The release in August of the Intergovernmental Panel on Climate Change’s sixth assessment report on climate change and its summary for policymakers, has prompted the media to report that it is “code red” for the planet. The reaction from many people was one of genuine alarm. But does the report really provide anything new or alarming? Several of the most overstated findings have been presented already in one form or another since the fifth assessment report came out in 2014.
The summary follows the pattern of those in past assessment reports by presenting results meant to get the maximum attention from politicians and the media. One of the first findings in the latest one is that the previous decade’s mean global temperature was 0.8 – 1.3 degrees Celsius warmer than the late 19th century temperatures, with a best estimate of 1.07 degrees Celsius. But this result is not newsworthy. We’ve heard it many times in relation to the 1.5 degree Celsius so-called target for limiting global warming as given by the IPCC. Almost everyone concedes it is warmer today than it was in the late 19th century, but we still cannot be entirely sure how much warmer. The report presents the finding as likely, with 66 -100 percent confidence if you read the fine print. The lower end of the likely confidence range would not pass peer review.
Unfortunately, the hockey stick graph, showing the global mean temperature as steady for the last millennium except with a large increase during the 20th century, makes an appearance in the current report, even though it is an old and discredited claim. Nonetheless, it is used to show, with the help of climate models, that the warming of the last century was very likely caused by humans. Many things are wrong with this experiment modeling the global temperature of the late 19th and 20th centuries, not the least is that climate models tend to suggest more warming than is observed, even over shorter time periods according to two recently published peer-reviewed studies.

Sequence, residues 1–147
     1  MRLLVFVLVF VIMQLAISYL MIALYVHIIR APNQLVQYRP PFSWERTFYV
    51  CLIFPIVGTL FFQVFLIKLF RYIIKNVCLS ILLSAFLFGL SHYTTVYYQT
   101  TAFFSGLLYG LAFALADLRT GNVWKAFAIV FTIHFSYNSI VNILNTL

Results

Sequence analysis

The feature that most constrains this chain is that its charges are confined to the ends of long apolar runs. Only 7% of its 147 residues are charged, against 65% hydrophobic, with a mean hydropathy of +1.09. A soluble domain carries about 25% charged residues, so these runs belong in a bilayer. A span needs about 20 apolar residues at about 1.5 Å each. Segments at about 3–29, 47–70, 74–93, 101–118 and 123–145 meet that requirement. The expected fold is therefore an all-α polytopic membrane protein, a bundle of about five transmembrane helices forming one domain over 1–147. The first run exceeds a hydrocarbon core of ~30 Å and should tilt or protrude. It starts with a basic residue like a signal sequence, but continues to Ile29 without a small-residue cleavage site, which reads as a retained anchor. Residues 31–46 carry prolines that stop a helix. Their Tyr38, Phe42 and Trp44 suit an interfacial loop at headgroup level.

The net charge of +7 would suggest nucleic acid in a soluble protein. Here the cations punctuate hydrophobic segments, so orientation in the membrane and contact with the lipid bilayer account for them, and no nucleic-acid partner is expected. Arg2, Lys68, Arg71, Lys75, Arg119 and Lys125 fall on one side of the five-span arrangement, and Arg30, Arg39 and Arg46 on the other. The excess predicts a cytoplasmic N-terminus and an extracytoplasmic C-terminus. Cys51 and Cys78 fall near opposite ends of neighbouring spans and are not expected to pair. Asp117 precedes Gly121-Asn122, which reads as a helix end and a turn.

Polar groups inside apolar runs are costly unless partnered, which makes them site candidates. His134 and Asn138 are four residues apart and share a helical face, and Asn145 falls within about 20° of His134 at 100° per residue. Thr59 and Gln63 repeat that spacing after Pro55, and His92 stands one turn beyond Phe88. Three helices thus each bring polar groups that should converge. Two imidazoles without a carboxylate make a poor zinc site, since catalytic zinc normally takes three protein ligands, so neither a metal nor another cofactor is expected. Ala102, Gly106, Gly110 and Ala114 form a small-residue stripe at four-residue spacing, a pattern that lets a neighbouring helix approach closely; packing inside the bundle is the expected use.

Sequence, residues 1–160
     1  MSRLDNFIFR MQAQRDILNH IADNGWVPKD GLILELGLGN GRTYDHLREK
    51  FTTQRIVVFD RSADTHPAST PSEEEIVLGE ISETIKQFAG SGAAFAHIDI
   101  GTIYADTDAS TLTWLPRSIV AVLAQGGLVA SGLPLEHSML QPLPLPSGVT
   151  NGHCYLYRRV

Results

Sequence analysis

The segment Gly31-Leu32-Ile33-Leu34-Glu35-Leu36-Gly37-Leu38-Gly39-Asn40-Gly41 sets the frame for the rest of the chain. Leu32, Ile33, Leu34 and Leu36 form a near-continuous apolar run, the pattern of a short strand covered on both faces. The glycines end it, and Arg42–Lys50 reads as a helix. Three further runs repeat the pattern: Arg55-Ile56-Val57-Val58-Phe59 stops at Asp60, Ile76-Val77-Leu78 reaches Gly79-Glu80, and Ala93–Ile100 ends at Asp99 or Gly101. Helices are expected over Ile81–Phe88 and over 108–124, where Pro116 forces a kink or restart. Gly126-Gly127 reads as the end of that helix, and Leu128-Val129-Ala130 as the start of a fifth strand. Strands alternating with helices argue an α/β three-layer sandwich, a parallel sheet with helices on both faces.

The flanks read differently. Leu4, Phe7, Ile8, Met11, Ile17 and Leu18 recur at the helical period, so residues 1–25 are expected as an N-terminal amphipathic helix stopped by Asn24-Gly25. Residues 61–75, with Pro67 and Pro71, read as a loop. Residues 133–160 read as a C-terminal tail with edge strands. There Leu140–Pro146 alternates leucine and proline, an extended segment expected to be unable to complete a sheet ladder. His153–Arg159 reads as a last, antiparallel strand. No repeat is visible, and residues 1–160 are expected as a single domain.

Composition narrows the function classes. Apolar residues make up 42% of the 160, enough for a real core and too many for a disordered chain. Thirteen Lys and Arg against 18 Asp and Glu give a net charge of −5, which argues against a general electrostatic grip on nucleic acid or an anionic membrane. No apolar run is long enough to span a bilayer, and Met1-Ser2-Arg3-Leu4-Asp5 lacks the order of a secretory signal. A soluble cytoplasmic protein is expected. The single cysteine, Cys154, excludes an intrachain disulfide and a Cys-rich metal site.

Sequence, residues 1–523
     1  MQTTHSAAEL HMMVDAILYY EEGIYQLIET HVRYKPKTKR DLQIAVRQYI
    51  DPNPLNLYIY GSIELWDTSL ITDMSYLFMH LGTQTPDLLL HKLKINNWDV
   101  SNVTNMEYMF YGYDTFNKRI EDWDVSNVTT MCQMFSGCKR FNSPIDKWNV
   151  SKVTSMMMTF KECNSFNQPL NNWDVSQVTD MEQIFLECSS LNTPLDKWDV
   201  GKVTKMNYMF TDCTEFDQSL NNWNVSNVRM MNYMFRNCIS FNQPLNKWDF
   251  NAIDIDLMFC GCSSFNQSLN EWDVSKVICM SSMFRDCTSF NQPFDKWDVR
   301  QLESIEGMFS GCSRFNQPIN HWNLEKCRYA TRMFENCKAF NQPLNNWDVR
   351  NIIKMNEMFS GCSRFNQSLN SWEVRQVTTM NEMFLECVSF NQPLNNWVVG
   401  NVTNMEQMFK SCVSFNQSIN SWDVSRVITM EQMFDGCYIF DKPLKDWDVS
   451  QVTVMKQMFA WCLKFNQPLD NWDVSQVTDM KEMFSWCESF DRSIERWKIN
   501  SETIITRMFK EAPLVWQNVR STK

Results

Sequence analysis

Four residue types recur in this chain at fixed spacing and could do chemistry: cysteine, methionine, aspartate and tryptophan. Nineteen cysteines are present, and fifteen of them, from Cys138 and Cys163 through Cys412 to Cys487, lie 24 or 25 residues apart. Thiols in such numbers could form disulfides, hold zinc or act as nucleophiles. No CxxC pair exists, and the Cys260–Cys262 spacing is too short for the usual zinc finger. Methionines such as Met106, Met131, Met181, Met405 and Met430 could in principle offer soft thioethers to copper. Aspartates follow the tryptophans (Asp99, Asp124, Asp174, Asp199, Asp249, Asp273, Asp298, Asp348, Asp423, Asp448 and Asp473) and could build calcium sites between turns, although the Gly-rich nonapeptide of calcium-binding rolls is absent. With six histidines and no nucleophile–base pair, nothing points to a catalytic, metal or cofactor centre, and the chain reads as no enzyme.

Another figure shows a global map of land-based regional changes and trends in warm extremes, heavy precipitation, and drought — information presented since the last report. The figure is color-coded and at first glance shows these changes as fairly widespread globally. But the details show that the high degree of confidence in the readily measurable increase in warm extremes for many places is to be expected regardless of whether humans caused the increase or not.
Similarly, the map showing trends in heavy precipitation and drought is presented in green and yellow indicating increased frequencies around the globe. However, the fine print reveals the low confidence in almost all of these results. The highest confidence expressed in very few instances is only “medium”. Recently published papers addressing drought show little in the way of a trend worldwide since the mid-20th century. There is only some indication of regional drought trends that are related to long-term cycles.
Many more problems with the summary for policymakers could be listed, and in the coming months, various researchers will point these out. One of the most pervasive problems is that the summary tends to highlight the scenarios assuming medium-to-high end estimates of future carbon dioxide emissions, ignoring the full range of potential futures.
Using these scenarios accelerates the timeline for the global mean temperature to reach the 1.5 degree Celsius target sooner than expected. If one wants to see the full range of projected scenarios that has been published in the scientific literature, one must be willing to search through the nearly 4,000 pages of the report.
This is not to say that the climate is not changing and that nothing can be done about it. Human adaptation to climate change has worked for millennia, and our society is the most technologically advanced in history. But, many of us feel that adaptation is best done through free human ingenuity rather than government mandates.
Anthony R. Lupo is a research fellow at the Independent Institute in Oakland, Calif; a professor of atmospheric science at the University of Missouri; and a coauthor of Hot Talk, Cold Science: Global Warming’s Unfinished Debate.